The intention to avoid paying ‘landfill tax’ or a possible high removal cost are often primary motives for property owners, duty holders or building contractors to simply arrange for a cheap and easy method of the disposal of asbestos, which usually ends up in flytipping!
The illegal practice actually increased by a staggering 64 per cent in 2012, according to DEFRA (Department of the Environment, Food and Rural Affairs). In the north east of England, alone, there were more than 100 incidents of asbestos dumping recorded in the last 12 months.
It seems that despite of all the campaigning efforts of organisations such as the Health & Safety Executive (HSE) to raise asbestos awareness to the potential long term health risks of breathing in the deadly fibre dust when handled, it’s a fear of paying removal costs that keeps flytipping alive.
Just at the end of 2012, two incidents of asbestos dumping took place in north Northumberland and the Scottish Borders, following previous asbestos flytipping in areas such as Ladykirk, Lamberton and Horndean.
It’s often mistakenly assumed that the danger from asbestos was consigned to history when the most toxic types began to be withdrawn from widespread industrial use as an insulator in the 1970s. However, the first ban was not introduced until 1985 and white asbestos continued to be used in building materials until its import was prohibited in 1999.
Buildings constructed or renovated before 2000 were allowed to contain specific asbestos products made from white asbestos as it was considered ‘low risk’. However, white asbestos is still a potential health hazard if the material is any way disturbed and the asbestos fibre dust released into the air.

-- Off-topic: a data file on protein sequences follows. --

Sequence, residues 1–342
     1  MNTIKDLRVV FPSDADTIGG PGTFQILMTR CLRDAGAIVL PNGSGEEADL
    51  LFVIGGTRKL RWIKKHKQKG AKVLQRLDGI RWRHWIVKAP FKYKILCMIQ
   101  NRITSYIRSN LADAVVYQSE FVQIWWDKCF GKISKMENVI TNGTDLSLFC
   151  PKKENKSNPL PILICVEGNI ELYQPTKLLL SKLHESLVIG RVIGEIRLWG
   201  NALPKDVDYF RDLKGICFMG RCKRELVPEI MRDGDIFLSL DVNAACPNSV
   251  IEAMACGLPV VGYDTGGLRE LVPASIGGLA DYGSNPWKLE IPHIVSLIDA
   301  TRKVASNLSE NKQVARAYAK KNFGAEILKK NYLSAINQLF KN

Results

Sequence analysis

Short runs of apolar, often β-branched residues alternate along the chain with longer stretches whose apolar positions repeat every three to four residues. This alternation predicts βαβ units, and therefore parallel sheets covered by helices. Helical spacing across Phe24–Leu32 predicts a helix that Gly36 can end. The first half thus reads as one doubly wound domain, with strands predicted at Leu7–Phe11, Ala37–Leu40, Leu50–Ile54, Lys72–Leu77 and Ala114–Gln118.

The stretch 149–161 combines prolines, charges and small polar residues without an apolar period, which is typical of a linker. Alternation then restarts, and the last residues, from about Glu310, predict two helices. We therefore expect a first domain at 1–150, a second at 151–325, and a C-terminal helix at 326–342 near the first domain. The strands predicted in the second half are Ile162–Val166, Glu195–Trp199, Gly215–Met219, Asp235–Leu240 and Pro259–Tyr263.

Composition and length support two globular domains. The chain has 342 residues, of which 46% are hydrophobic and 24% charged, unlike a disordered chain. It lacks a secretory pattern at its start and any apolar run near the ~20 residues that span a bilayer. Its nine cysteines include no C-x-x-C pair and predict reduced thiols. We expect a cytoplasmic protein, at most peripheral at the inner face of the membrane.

Rigorous procedures and management planning are mandatory before the highly dangerous operation of controlled asbestos encapsulation or removal and disposal, which involves the strict containment by careful bagging and dust suppression. Once inhaled, the fibres will remain permanently in the linings of the lungs and are known to cause asbestosis disease or the incurable mesothelioma asbestos cancer up to 50 years after first exposure.
Property owners, landlords and duty holders are likely to not want a discovery of asbestos to lead to local publicity and possible legal or financial consequences from former/ current employees, tenant occupiers, etc. However, any individual caught transferring bulky waste without a Waste Management Licence will incur a Fixed Penalty Notice of £300.
It is also an offence to store controlled waste without a similar licence with penalties of up to £50,000 and a prison sentence of up to 12 months being imposed at a Magistrates Court or a prison term of up to five years and a fine at Crown Court.
Section 34 of the Environmental Protection Act directly places businesses under a ‘Duty of Care’ to manage their waste in a proper and legal manner. Wherever or whenever it is suspected that asbestos material has been uncovered, a full asbestos inspection must be carried out, the area sealed – with accompanying warning signs – and the entire removal process placed under the control and managed by fully authorised, legal asbestos disposal contractors.
More than 1.8 million people are still being exposed to asbestos each year and at least 2,000 cases of confirmed mesothelioma diagnosed.